The meeting of representatives was duly held on 9 August, and the vital agreement it reached, with the Northerners concurring, was that all troops should return to their regions of origin. Although often overlooked by later writers, this agreement might have saved Nigeria had it been carried through. The coup in the West had had the support only of the ex-politicians of the Akintola days, who were still heartily disliked by the majority of the population. The return of the Northern soldiers to the North would have enabled the Westerners to speak their mind, something quite impossible so long as there were garrisons of Northerners in every barracks and squads of them manning the roadblocks.
Chief Awolowo, freed from prison, still had enough popularity to speak for the West. But the pledge was never fulfilled by the new regime. The excuse given was that there were virtually no Yoruba troops to replace the Northerners. In fact security could have been assured by the police, for the Westerners had no cause to run amok. As it turned out the Northern soldiers stayed put, to the Westerners, as to the Easterners, seeming like an army of occupation, and often behaving like one.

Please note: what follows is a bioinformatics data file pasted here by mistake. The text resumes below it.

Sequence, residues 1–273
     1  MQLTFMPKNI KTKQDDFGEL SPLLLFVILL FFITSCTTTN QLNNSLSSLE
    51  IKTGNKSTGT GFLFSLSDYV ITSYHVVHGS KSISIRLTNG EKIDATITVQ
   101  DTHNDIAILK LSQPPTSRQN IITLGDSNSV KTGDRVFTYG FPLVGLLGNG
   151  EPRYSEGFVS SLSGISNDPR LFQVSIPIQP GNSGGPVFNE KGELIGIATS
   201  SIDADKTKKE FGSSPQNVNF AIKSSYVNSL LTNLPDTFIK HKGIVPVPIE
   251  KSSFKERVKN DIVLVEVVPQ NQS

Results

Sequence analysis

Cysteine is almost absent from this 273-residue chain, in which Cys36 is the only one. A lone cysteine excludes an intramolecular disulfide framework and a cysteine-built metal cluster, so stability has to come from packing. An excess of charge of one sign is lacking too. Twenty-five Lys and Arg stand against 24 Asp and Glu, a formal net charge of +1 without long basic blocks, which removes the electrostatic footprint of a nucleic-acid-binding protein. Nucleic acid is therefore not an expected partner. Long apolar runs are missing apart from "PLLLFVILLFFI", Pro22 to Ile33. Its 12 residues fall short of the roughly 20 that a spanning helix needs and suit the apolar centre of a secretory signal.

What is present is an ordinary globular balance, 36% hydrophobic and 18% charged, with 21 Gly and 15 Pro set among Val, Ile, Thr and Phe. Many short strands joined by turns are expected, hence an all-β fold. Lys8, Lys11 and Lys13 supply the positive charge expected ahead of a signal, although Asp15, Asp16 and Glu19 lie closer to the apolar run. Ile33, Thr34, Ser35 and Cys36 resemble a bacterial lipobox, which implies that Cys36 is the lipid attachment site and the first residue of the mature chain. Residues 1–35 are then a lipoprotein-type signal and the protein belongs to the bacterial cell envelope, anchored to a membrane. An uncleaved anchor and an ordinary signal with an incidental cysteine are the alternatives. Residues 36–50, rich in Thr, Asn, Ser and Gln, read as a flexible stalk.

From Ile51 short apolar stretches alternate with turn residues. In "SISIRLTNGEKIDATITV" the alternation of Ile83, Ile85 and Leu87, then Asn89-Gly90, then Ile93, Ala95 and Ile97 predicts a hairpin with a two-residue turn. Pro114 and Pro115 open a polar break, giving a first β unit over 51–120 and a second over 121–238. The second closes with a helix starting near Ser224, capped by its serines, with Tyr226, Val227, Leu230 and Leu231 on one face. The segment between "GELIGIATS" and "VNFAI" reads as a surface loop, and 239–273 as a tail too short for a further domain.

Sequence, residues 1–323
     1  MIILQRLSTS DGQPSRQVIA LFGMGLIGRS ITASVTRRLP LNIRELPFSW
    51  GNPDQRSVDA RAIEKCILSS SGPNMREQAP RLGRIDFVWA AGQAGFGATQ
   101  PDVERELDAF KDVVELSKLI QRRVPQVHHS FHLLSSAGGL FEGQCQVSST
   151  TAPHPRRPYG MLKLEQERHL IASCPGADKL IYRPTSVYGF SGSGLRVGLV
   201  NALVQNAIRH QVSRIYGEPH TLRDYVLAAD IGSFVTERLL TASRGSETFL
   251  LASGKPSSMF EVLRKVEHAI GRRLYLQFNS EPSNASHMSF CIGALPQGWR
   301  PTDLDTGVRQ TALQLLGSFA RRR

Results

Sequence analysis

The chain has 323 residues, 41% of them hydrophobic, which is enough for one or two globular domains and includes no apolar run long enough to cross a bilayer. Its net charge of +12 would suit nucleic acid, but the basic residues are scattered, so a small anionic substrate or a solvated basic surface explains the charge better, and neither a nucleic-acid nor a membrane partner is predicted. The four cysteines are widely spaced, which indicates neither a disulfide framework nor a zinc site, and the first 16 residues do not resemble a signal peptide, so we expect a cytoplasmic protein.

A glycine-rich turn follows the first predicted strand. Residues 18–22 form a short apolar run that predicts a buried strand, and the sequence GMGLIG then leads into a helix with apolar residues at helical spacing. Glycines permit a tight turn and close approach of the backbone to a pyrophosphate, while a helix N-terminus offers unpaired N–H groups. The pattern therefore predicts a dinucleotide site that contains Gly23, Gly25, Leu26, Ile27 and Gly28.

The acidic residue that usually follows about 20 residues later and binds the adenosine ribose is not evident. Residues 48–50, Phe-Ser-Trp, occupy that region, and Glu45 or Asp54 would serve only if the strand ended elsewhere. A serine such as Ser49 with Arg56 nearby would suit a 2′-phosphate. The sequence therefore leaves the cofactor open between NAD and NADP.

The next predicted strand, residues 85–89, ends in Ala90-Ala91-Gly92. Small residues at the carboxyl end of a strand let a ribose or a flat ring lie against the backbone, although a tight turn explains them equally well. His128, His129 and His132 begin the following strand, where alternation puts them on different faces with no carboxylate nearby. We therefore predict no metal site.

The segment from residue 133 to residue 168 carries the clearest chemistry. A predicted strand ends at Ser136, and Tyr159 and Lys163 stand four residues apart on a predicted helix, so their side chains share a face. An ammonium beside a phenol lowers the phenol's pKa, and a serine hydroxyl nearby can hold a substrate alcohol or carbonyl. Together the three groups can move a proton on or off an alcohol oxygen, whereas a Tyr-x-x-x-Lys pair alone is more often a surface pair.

In the East Colonel Ojukwu stuck to the letter of the agreement. The Northern-born component of the garrison at Enugu was repatriated to the North by rail, and in accordance with the terms of the 9 August concordat, they were allowed to take with them their arms and ammunition as a protection against being waylaid en route. These arms were then supposed to be sent back after the troops had got home. But once in Kaduna the troops from Enugu kept their weapons and no more was heard about them.
Elsewhere Eastern-born troops were clamouring to return home. Apart from the fugitives of 29 July and the succeeding days, there were other groups who were still intact. From the North some of them were sent home, but without arms or escort, and were forced to submit to repeated molesting on the way from the by now hostile populations through whom they passed. The tension grew.
By late in the month it became clear that there were still hundreds unaccounted for. That was when Colonel Ojukwu asked that the outstanding personnel be allowed to return home, and the twenty-two at Ikeja were executed in consequence.